Why does Javascript’s regex.exec() not always return the same value? [duplicate]

Why does Javascript’s regex.exec() not always return the same value? [duplicate]

This question already has an answer here:

Why does a RegExp with global flag give wrong results?

6 answers

In the Chrome or Firebug console:
reg = /ab/g
str = “abc”
reg.exec(str)
==> [“ab”]
reg.exec(str)
==> null
reg.exec(str)
==> [“ab”]
reg.exec(str)
==> null

Is exec somehow stateful and depends on what it returned the previous time? Or is this just a bug? I can’t get it to happen all the time. For example, if ‘str’ above were “abc abc” it doesn’t happen.

Solutions/Answers:

Solution 1:

A JavaScript RegExp object is stateful.

When the regex is global, if you call a method on the same regex object, it will start from the index past the end of the last match.

When no more matches are found, the index is reset to 0 automatically.


To reset it manually, set the lastIndex property.

reg.lastIndex = 0;

This can be a very useful feature. You can start the evaluation at any point in the string if desired, or if in a loop, you can stop it after a desired number of matches.


Here’s a demonstration of a typical approach to using the regex in a loop. It takes advantage of the fact that exec returns null when there are no more matches by performing the assignment as the loop condition.

var re = /foo_(\d+)/g,
    str = "text foo_123 more text foo_456 foo_789 end text",
    match,
    results = [];

while (match = re.exec(str))
    results.push(+match[1]);

DEMO: http://jsfiddle.net/pPW8Y/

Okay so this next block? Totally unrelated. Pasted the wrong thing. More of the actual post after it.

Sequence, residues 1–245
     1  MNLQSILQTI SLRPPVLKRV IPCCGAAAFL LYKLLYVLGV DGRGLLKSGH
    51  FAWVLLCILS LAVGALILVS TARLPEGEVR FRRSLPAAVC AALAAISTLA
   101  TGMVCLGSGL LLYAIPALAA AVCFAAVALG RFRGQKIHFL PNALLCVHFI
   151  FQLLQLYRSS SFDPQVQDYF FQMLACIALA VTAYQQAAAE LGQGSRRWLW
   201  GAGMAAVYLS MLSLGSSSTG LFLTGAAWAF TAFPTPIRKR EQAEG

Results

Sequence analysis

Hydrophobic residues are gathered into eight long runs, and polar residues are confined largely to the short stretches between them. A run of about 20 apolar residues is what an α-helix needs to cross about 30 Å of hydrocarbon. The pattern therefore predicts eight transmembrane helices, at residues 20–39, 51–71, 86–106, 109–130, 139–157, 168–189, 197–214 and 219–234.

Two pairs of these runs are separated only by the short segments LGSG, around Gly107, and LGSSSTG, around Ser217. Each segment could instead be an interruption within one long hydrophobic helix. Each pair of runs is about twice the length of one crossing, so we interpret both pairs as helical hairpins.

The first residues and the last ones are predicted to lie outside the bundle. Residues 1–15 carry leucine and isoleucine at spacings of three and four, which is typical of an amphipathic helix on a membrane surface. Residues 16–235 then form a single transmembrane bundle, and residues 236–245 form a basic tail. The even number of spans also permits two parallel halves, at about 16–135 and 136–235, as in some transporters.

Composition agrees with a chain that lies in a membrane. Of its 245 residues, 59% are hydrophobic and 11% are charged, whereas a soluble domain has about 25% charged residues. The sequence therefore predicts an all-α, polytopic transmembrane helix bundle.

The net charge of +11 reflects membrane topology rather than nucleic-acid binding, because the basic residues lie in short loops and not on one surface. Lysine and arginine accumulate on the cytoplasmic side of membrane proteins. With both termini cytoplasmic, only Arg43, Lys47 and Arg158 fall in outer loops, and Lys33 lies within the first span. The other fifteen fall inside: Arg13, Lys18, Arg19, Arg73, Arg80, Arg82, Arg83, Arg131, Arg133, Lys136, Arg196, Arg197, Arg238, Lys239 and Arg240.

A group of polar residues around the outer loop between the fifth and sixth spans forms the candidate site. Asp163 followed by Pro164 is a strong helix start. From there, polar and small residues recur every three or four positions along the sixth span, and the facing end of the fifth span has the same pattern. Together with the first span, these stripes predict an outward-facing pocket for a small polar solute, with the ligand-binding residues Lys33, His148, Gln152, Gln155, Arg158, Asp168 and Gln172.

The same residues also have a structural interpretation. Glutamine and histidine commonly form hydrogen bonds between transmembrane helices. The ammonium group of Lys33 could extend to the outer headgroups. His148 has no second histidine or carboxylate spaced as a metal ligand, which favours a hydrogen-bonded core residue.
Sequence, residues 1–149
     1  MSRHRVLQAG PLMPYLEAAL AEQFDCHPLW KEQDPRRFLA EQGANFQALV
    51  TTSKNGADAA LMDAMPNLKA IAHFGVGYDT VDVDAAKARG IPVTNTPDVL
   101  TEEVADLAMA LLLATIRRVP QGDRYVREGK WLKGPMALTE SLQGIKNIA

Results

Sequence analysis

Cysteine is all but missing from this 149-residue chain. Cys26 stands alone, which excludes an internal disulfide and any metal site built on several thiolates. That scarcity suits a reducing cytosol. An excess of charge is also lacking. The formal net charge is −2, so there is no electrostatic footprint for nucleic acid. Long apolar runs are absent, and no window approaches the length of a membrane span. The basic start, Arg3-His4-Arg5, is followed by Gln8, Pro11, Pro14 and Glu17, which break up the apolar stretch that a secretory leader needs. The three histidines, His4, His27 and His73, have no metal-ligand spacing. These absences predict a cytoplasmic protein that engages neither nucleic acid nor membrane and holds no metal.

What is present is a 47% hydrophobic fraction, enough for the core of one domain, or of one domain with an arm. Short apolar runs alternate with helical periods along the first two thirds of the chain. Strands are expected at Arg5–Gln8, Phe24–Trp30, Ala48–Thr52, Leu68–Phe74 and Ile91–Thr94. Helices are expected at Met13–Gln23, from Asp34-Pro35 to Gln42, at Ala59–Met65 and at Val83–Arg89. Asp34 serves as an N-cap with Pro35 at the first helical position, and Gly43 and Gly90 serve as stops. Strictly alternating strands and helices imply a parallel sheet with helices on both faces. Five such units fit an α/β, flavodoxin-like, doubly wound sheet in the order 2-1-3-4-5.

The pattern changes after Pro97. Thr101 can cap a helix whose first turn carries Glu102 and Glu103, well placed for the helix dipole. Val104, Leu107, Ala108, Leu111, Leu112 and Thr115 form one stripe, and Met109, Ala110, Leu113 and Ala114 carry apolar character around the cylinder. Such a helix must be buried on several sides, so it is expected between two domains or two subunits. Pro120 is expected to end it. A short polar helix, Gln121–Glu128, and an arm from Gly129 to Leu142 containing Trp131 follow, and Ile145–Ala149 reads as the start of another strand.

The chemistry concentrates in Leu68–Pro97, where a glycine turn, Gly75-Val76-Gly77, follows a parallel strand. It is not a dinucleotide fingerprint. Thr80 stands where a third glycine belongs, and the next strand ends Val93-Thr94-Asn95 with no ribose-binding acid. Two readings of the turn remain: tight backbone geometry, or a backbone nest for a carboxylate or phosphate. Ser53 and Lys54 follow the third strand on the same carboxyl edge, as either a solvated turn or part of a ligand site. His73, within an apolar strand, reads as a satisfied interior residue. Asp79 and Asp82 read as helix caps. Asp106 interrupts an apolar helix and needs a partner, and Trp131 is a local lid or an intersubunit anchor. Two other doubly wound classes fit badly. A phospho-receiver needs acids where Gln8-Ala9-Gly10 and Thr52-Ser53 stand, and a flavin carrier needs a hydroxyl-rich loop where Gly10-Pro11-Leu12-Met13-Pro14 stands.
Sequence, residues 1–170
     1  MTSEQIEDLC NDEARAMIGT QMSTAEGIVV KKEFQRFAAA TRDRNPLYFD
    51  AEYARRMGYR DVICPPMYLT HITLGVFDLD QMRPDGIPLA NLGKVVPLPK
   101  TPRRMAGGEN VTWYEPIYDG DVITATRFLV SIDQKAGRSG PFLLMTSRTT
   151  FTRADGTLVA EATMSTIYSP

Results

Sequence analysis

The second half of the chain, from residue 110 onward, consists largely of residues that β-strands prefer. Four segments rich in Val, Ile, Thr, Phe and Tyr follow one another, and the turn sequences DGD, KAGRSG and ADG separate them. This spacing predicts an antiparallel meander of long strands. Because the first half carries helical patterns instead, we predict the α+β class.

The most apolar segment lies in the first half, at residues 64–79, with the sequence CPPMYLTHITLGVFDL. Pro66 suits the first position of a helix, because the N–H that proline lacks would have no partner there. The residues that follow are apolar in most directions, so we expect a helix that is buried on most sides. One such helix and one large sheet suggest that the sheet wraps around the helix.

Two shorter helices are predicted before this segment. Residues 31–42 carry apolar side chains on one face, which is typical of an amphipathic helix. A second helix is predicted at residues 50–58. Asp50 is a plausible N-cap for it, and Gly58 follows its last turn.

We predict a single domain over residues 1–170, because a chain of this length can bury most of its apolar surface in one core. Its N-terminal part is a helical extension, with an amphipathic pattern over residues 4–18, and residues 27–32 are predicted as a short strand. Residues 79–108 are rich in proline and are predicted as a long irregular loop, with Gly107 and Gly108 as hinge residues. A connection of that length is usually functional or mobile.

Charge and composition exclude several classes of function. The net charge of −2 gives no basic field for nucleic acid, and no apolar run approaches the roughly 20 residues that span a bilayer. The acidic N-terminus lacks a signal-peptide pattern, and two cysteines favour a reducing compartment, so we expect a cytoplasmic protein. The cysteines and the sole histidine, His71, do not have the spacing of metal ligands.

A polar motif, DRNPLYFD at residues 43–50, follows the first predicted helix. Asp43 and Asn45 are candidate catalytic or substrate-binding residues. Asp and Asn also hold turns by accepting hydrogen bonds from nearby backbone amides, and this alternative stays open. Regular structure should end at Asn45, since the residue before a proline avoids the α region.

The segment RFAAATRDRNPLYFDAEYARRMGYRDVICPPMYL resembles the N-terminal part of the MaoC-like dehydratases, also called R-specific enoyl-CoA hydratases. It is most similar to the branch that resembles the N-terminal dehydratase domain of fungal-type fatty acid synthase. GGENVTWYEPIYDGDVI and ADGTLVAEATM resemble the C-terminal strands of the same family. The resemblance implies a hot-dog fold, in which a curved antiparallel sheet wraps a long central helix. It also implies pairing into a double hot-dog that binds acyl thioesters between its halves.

If you don’t like the placement of the assignment, the loop can be reworked, like this for example…

var re = /foo_(\d+)/g,
    str = "text foo_123 more text foo_456 foo_789 end text",
    match,
    results = [];

do {
    match = re.exec(str);
    if (match)
        results.push(+match[1]);
} while (match);

DEMO: http://jsfiddle.net/pPW8Y/1/

Solution 2:

From MDN docs:

If your regular expression uses the “g” flag, you can use the exec method multiple times to find successive matches in the same string. When you do so, the search starts at the substring of str specified by the regular expression’s lastIndex property (test will also advance the lastIndex property).

Since you are using the g flag, exec continues from the last matched string until it gets to the end (returns null), then starts over.


Personally, I prefer to go the other way around with str.match(reg)

Solution 3:

Multiple Matches

If your regex need the g flag (global match), you will need to reset the index (position of the last match) by using the lastIndex property.

reg.lastIndex = 0;

This is due to the fact that exec() will stop on each occurence so you can run again on the remaining part. This behavior also exists with test()) :

If your regular expression uses the “g” flag, you can use the exec
method multiple times to find successive matches in the same string.
When you do so, the search starts at the substring of str specified by
the regular expression’s lastIndex property (test will also advance
the lastIndex property)

Single Match

When there is only one possible match, you can simply rewrite you regex by omitting the g flag, as the index will be automatically reset to 0.